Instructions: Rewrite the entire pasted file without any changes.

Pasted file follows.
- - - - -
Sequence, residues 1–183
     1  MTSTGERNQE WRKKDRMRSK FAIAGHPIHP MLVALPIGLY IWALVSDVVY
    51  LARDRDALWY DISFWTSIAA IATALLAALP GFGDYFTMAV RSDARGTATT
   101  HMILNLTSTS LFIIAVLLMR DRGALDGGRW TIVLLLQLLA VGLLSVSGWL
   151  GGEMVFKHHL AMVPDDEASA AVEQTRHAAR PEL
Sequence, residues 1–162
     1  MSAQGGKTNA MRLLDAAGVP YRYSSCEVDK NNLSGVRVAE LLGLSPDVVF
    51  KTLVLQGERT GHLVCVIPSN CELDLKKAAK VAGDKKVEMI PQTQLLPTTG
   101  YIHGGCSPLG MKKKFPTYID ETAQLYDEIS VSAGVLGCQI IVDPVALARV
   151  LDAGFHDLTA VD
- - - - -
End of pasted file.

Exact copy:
Sequence, residues 1–183
     1  MTSTGERNQE WRKKDRMRSK FAIAGHPIHP MLVALPIGLY IWALVSDVVY
    51  LARDRDALWY DISFWTSIAA IATALLAALP GFGDYFTMAV RSDARGTATT
   101  HMILNLTSTS LFIIAVLLMR DRGALDGGRW TIVLLLQLLA VGLLSVSGWL
   151  GGEMVFKHHL AMVPDDEASA AVEQTRHAAR PEL
Sequence, residues 1–162
     1  MSAQGGKTNA MRLLDAAGVP YRYSSCEVDK NNLSGVRVAE LLGLSPDVVF
    51  KTLVLQGERT GHLVCVIPSN CELDLKKAAK VAGDKKVEMI PQTQLLPTTG
   101  YIHGGCSPLG MKKKFPTYID ETAQLYDEIS VSAGVLGCQI IVDPVALARV
   151  LDAGFHDLTA VD